I like playing the Words with Friends online Scrabble game knockoff. Words with Friends is an offering of the San Francisco company Zynga. Trying to fit new words into existing patterns with randomly assigned letter tiles is fun and challenging. Playing online with my kids and work friends is like having brief playdates throughout the day.
Two aspects which make the phone application game almost as frustrating as it is fun are the ridiculous dictionary and cheaters. The Words with Friends dictionary tries to be politically correct using a strange version of inoffensiveness that ends up being as bizzare as it is ineffective. Standard words such as “Jew” and “Arab” are both banned but also rejected are words such as moa which are life savers in Scrabble. Is someone offended by extinct flightless birds? Maybe “moa” is a curse word somewhere?
Then there are the cheaters. When playing the Scrabble game in our family, it is OK to use a dictionary to check the spelling of a word after the tiles are placed on the board and the player’s turn is over. However, using a dictionary in advance to look up which word to play is unacceptable. Playing Words with Friends, it soon becomes clear when your opponent is cheating. An Internet search for the phrase “‘words with friends’ cheat” yields 911,000 hits, including web sites called “Words with Friends Cheat” and “Lexical Word Finder” and “Scrabulizer – Scrabble Solver” and “Scrabble Word Finder”. I am currently losing a game in which my opponent has played the acceptable-but-improbable words voicer, regrate, rawin, duded, aulder, lieus, and exon to his great advantage in scoring. My recourse is never to play with him again and to think poorly of his sportsmanship hereafter. Where’s the fun in that?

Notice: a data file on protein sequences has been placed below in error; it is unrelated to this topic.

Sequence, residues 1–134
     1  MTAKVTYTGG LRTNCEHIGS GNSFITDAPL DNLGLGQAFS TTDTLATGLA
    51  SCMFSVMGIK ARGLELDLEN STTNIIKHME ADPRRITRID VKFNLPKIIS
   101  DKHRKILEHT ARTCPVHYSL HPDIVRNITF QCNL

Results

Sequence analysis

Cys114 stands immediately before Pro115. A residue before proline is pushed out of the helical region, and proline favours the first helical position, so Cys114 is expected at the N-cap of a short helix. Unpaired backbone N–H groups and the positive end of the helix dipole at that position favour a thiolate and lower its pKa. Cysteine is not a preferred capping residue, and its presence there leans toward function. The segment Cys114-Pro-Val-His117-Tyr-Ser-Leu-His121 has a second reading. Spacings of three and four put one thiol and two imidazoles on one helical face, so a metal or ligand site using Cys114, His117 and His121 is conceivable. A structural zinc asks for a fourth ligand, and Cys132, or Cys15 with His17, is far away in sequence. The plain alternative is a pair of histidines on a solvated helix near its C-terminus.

Image Copyright 2011 by Katy Dickinson